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  • Between Freedom and Progress: The Lost World of Reconstruction Politics by David Prior
  • Amanda Brickell Bellows
Between Freedom and Progress: The Lost World of Reconstruction Politics. By David Prior. Conflicting Worlds: New Dimensions of the American Civil War. (Baton Rouge: Louisiana State University Press, 2019. Pp. xiv, 258. $45.00, ISBN 978-0-8071-6968-1.)

David Prior has written an original new book, Between Freedom and Progress: The Lost World of Reconstruction Politics, that sheds light on the ideas and debates that characterized the Reconstruction era. He explores the competing worldviews of "Reconstruction's partisans," whom he describes as "writers, lecturers, editors, travelers, moral reformers, racists, abolitionists, politicians, suffragists, soldiers, and diplomats" (pp. 2, 3). By doing so, Prior seeks to identify the distinct ways they perceived the United States' global [End Page 728] position and relationships with other nations during the postwar era. By studying the period 1865–1874, he has found evidence that Reconstruction's partisans displayed "constant and eager interest in a multitude of events, places, and individuals" that transcended national boundaries and that "have been largely and even completely ignored by Reconstruction scholarship" (p. 17).

Prior is an assistant professor of history at the University of New Mexico, where he specializes in the history of the nineteenth-century United States in global perspective. His book offers an important new perspective on the history of the Reconstruction era because of his efforts to explore its transnational elements. In recent years, scholars of the Civil War era, including David Armitage, Don H. Doyle, Emily Conroy-Krutz, Aaron Sheehan-Dean, Jay Sexton, Mark M. Smith, and Douglas Egerton have increasingly studied the war and its aftermath through a global lens. In his book, Prior describes his particular approach as "call[ing] attention to the constancy with which people concerned with Reconstruction, and the politics of the Civil War era more generally, linked developments from far and wide to those in the key theaters of their own conflicts" (p. 17). Prior argues that the central figures of the book, Reconstruction's partisans, believed "that developments in the United States held their deepest meanings as part of global struggles for freedom and progress" (p. 6). These partisans maintained two central beliefs: first, "that the essential contours of world history were readily identifiable," and second, that "history was about distinctive and coherent populations" (pp. 6, 9). As a result, these individuals paid close attention to conflicts around the world, connecting global events to domestic ones.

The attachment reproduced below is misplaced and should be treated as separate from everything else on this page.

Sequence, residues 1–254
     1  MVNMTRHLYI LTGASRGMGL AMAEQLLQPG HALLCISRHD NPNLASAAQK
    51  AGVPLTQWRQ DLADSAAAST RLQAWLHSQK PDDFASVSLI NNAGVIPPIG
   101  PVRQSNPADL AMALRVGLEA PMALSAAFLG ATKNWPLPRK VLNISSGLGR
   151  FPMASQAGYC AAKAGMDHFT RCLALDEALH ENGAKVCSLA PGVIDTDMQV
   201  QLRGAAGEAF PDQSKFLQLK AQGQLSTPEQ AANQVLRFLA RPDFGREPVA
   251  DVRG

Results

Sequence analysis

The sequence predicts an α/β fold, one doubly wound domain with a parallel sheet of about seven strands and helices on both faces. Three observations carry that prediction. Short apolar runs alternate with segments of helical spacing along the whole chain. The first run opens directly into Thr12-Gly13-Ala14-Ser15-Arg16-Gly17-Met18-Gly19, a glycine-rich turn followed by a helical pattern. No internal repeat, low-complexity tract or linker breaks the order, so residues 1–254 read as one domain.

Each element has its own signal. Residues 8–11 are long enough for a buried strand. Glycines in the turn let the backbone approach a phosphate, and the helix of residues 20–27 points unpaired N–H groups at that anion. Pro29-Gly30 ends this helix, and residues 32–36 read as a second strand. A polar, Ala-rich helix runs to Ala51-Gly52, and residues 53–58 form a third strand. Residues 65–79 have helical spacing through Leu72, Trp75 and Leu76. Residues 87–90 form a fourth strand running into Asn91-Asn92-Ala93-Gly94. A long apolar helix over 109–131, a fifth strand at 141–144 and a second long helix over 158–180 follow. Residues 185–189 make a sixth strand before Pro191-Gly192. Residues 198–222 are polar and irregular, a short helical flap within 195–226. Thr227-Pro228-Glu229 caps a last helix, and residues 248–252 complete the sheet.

Between Freedom and Progress contains five chapters, an introduction, and a conclusion. Each chapter is a case study that assesses a distinct event or topic that stimulated interest and debate among Reconstruction's partisans during the Reconstruction era. Prior studies a range of sources, including the unpublished papers of Frederick Douglass and Julia Ward Howe, as well as periodicals, government documents, and published works from the same period. Chapter 1 assesses American responses to an insurrection on the island of Crete between 1866 and 1869, while chapter 2 explores the life of Paul Du Chaillu, an explorer who wrote about his travels in West Africa for American audiences. Chapter 3 similarly takes on the theme of adventuring through its analysis of narratives that proceeded from Republican Party leisure expeditions that took place during the late 1860s and early 1870s. Chapter 4 looks at the creation of an African American network of authors, publishers, and readers who challenged white supremacy, while chapter 5 studies Democratic and Republican perceptions of Mormon society in Utah.

Between Freedom and Progress successfully shows that Reconstruction's partisans were engaged with the world around them. They compared domestic and global events, seeking to make sense of the political, economic, and social changes that defined Reconstruction in the United States. Overall, Prior has made a welcome contribution to the growing body of literature that places Reconstruction in global perspective. [End Page 729]

Amanda Brickell Bellows
The New School